Dublin (AHT) – Over the past several months, there has been much focus by the Irish mainstream media on the case of Lisa Smith, a former member of the 26-County State’s Air Corps, who similar to the case of British-born ISIS bride Shamima Begum, travelled to Syria in 2015 to join Islamic State before being captured in March of this year by the US-backed Syrian Democratic Forces.
Like the Begum case in the UK, the case of Lisa Smith has also triggered fierce debate in the Irish political sphere, with the main concern being what security risks would be presented should she be repatriated by the Dublin government, it has also brought to the fore the issue of the Irish political establishment’s links to NATO-backed Salafist groups.
Following the commencement of the Western-backed regime change project in Syria in March 2011, more than 30 Irish-born terrorists traveled to the secular Arab republic in a bid to depose the government of Bashar al-Assad; a number of these insurgents also took part in the Anglo-American backed proxy war on Libya occurring at the same time, and upon the destruction of what was once the most prosperous country in Africa these terrorists, alongside their Syrian regime change project counterparts, were subsequently lauded by the Irish mainstream media as ‘rebels’ and ‘freedom fighters’, with prominent members featuring on the 26 County State Broadcaster’s flagship talk-show, the Late Late Show.
This celebration of terrorism by the 26 County Administration has continued in recent years, with the Al-Qaeda affiliated White Helmets receiving a ‘peace prize’ in Tipperary in 2017; Dublin-born Khalid Kelly also died fighting with ISIS in Iraq in November 2016, having being freely allowed to travel to the war-torn country by the 26 County Authorities.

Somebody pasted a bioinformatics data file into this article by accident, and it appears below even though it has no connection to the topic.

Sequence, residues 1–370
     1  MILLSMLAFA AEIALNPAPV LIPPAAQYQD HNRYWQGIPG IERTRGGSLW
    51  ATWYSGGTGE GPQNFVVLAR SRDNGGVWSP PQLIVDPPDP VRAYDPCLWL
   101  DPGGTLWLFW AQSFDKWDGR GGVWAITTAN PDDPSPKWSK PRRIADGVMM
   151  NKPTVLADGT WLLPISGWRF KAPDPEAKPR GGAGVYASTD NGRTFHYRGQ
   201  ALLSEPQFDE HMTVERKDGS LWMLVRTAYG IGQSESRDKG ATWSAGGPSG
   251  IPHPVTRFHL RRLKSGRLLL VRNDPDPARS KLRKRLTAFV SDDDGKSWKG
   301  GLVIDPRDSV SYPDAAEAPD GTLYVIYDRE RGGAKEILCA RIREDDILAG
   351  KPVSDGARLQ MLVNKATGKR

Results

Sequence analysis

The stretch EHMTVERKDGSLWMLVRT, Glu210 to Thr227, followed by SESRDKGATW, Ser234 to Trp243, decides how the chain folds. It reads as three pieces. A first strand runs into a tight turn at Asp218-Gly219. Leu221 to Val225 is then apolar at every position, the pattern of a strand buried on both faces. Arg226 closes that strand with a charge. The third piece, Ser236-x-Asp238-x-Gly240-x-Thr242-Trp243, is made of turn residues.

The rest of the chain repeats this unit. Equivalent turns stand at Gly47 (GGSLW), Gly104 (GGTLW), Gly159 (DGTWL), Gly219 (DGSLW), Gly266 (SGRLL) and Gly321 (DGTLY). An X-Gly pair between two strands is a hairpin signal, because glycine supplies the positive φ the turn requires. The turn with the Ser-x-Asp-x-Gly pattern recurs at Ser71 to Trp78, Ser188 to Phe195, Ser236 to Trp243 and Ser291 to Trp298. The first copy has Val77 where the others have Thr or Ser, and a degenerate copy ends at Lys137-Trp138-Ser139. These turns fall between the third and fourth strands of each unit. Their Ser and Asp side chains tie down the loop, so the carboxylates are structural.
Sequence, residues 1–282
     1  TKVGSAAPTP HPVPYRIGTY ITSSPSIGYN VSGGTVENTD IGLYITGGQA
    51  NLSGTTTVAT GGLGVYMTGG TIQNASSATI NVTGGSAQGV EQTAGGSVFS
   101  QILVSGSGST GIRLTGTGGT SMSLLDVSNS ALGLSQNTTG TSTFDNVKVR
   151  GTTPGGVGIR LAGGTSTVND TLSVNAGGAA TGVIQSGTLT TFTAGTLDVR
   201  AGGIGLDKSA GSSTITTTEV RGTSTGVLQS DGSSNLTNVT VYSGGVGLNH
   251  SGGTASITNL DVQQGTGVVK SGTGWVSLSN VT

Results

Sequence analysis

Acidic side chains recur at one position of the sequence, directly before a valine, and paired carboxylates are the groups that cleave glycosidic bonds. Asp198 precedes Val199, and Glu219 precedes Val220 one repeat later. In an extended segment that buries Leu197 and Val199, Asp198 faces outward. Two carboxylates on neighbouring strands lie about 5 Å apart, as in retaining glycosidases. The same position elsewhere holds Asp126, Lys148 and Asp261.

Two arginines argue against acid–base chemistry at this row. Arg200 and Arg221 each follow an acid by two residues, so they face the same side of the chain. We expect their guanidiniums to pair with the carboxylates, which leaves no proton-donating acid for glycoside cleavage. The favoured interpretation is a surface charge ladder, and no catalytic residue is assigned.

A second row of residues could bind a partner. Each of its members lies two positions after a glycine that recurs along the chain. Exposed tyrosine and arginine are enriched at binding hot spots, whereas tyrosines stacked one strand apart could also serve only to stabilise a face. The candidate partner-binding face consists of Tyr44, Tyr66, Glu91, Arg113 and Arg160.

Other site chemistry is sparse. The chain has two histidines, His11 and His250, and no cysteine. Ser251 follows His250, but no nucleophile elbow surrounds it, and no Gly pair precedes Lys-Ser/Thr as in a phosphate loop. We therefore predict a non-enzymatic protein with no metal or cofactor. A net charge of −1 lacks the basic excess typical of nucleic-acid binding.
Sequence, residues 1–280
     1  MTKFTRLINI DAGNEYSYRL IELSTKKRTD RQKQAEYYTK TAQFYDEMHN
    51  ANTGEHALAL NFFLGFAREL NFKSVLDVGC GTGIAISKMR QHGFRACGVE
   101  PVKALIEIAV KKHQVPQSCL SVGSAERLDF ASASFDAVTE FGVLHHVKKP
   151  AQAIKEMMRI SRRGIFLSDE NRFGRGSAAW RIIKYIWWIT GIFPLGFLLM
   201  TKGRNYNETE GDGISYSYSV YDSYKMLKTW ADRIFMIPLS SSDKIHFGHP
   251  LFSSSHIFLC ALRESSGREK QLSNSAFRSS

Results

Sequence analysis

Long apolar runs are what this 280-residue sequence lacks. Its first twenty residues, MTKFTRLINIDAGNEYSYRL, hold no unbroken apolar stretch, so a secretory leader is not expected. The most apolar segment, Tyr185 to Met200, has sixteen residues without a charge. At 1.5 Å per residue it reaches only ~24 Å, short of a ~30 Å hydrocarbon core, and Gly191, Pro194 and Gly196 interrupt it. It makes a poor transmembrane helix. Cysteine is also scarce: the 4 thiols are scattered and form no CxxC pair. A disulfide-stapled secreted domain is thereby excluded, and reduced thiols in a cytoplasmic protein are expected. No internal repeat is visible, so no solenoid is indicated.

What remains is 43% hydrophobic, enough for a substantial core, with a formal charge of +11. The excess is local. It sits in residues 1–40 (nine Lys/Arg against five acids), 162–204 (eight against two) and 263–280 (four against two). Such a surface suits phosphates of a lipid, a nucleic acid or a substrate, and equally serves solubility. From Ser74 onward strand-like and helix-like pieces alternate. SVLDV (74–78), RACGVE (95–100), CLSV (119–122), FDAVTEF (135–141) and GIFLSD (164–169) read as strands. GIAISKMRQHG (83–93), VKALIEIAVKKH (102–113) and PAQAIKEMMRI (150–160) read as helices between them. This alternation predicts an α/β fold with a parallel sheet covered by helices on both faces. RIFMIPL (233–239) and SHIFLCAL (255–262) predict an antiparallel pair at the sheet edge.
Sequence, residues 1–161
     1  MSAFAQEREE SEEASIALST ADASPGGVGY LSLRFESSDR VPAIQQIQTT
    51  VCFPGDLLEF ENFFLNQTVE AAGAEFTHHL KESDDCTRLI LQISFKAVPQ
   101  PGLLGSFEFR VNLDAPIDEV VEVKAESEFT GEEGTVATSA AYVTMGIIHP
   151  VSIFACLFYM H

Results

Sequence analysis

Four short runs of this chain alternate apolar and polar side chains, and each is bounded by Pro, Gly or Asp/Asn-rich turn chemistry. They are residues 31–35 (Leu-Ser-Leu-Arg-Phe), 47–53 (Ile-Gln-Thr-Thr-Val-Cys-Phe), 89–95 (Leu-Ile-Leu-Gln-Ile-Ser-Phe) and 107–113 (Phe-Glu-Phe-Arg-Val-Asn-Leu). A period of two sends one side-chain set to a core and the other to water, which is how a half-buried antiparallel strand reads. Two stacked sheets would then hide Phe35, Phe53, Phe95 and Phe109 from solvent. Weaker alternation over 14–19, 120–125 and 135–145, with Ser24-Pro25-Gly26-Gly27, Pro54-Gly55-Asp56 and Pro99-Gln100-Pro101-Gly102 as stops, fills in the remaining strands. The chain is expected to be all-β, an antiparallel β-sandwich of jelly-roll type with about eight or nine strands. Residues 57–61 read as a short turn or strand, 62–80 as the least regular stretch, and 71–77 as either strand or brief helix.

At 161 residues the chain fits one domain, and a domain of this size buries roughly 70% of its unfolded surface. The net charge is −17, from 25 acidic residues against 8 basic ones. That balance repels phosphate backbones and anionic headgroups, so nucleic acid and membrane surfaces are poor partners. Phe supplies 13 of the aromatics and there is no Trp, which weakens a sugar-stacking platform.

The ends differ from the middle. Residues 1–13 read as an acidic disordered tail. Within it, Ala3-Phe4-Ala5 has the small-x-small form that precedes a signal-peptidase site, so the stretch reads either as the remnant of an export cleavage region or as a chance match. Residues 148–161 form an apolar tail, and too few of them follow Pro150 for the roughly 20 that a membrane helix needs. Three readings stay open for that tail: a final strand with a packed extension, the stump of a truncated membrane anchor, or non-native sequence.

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This favorable treatment of Salafist-inspired terrorist groups by the southern Irish state is in stark contrast to its treatment of those opposed to the ongoing British occupation of the north-east of the country, however.
In the south of Ireland today, Irish Republicans run the very real risk of being brought before the non-jury ‘Special Criminal Court’ and charged with ‘membership of an illegal organization’ based on the word of a senior Garda alone; although accompanying evidence has to be produced to acquire a conviction, this is usually flimsy at best, in one ongoing case it being the fact that the defendant had a photo on his phone of slain Republican Alan Ryan, murdered by a Dublin drugs gang in September 2012 in collusion with the 26 County Authorities.
To understand this difference in treatment between a resistance movement and a NATO-backed terrorist group, one must look at the origins of the 26 County State and its role in facilitating both British and US imperialism.
Following the 1921 surrender agreement authored by former Republicans and the British government, Ireland was partitioned into two states; a six-county statelet in the north-east of the country remaining under British rule, and a larger southern state, with a puppet government subservient to Westminster.
At the behest of Britain, 77 Irish Republicans were brutally executed by the fledgling ‘Free State’ in the first year of its existence, and over the years many various methods were used by Leinster House to suppress the Republican movement, from internment to media censorship; practices that still continue to this day in the 26 Counties.
However, as a British neo-colony, this has meant that the southern Irish state has also had to accommodate wider British imperialism, hence the facilitation of terrorists to travel to take part in Anglo-US regime change projects such as Libya and Syria, and the subsequent celebration of atrocities committed by said groups; a far different stance than that which is taken towards a genuine anti-imperialist movement.
This post originally ran on American Herald Tribune.
Gavin O’Reilly is the Secretary of Dublin Anti-Internment Committee.